And then the third approach is called a value chain model. And that’s a well known approach, but basically you’re delivering the value to the user incrementally. So let’s say you’re aiming to get some performance gains out of your application. Do you go from having a slow application to super quick in one go? Or do you deliver the performance gains phase by phase by phase, similar to achievable Targets? But this is more the value that you’re delivering. It goes from 10 seconds to load to 5 seconds. Well, 5 seconds isn’t great, but it’s a lot better than ten. If it goes from five to one, everyone’s going to be pretty happy.

And if you go from one to half a second or a 10th of a second, then you’ve hit a home run. So going from, you know, when you’re trying to achieve a really big goal, sometimes you set intermediate goals and that’s the value chain model. So the stuff that comes out of this strategy is basically what goes into when you’re creating work packages, which is the next step, step nine. And so the quick wins get identified. They’ll get done in the first work package. If you need to break something up into achievable Targets or the value chain model, then you’re going to have two and three and four work packages to deliver those incremental approaches.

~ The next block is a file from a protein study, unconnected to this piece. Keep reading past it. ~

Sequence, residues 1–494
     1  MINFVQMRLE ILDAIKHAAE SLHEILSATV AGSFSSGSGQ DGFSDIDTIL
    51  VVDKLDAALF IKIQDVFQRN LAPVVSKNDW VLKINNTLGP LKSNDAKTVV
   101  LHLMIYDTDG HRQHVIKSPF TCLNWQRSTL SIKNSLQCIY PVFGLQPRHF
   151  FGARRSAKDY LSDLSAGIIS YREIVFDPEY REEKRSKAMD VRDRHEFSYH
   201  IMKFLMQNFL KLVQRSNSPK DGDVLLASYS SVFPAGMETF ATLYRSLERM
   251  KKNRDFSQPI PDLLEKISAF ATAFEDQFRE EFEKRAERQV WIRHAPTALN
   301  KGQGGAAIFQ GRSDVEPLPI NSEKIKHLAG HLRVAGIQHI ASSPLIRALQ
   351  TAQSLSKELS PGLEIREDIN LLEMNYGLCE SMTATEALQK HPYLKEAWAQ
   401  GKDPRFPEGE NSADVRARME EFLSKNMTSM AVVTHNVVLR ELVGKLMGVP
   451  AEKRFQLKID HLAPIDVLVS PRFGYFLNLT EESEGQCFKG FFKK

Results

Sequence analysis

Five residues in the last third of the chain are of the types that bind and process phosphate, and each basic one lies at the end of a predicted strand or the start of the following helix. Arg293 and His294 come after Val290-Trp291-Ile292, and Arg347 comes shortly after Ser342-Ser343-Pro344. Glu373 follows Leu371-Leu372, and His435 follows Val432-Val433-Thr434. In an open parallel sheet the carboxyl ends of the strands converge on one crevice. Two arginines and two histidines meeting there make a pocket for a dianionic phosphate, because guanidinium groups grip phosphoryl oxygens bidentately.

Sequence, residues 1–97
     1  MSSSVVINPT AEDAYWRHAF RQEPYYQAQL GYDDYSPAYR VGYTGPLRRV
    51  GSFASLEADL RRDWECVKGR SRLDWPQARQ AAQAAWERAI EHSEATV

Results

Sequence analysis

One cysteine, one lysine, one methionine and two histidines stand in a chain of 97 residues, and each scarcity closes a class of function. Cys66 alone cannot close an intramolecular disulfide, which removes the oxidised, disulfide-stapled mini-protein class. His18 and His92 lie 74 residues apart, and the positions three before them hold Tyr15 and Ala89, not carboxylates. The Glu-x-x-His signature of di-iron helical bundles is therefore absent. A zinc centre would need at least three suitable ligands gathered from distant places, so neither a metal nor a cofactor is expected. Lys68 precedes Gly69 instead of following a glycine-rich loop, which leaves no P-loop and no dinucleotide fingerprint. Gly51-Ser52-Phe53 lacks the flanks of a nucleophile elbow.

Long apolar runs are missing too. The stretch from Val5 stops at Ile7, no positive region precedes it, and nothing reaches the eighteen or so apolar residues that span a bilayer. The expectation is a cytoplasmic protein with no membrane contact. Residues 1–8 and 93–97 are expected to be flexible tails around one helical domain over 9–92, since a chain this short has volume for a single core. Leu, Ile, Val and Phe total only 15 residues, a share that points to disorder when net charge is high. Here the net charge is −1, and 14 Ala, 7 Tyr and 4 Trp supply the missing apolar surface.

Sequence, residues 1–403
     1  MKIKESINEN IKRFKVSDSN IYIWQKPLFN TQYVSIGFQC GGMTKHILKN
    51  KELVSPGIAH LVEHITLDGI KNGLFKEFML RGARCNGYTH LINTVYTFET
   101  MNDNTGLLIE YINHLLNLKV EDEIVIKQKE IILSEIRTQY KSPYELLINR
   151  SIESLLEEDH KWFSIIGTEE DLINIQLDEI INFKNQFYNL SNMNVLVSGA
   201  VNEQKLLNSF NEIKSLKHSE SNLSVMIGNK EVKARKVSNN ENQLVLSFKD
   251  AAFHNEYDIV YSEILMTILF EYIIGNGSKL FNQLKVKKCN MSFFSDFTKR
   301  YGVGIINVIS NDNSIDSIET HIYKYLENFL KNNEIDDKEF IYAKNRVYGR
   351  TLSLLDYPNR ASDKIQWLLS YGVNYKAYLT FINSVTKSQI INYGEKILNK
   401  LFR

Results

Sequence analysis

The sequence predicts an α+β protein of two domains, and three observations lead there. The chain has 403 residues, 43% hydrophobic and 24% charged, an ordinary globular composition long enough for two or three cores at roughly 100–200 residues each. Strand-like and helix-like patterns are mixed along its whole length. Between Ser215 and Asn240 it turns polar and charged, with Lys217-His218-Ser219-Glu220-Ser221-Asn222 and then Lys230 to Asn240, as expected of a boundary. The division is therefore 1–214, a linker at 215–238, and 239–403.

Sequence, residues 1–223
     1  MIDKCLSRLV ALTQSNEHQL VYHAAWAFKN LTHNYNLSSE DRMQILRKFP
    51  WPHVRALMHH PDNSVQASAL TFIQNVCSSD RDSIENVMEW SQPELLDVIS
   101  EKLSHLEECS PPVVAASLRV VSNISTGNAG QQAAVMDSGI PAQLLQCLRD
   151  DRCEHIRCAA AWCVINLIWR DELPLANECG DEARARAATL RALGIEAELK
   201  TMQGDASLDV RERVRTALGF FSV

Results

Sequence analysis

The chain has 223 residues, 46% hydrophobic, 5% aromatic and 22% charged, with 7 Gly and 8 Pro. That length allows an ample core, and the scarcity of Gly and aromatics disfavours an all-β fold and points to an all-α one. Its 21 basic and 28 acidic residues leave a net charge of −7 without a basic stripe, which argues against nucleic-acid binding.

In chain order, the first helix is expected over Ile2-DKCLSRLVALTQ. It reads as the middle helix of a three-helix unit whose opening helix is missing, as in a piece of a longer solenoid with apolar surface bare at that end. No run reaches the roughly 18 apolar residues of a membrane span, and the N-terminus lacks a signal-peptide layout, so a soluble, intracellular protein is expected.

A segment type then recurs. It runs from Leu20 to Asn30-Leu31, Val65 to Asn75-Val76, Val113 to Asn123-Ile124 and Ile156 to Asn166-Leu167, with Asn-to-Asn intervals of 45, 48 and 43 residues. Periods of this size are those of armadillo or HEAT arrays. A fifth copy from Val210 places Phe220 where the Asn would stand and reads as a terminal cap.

So the work packages come out of your strategy here and at the end of this step, you should have agreement between your stakeholders for the implementation and migration strategy. Okay, so you haven’t created the work packages yet, but if you say, we want to deliver A, B and C very quickly, and we’re going to go and deliver enf soon after that, and that’s half of the value. And it’s going to take us six more months to deliver 100% of value, but at least we’ve delivered within two months half of the value. People will buy into that, and that’s that’s part of that step. So that’s the end of step eight if you can get agreement coming up next, I kind of alluded to it, but step nine is the work package of step, and so I’ll explain that now.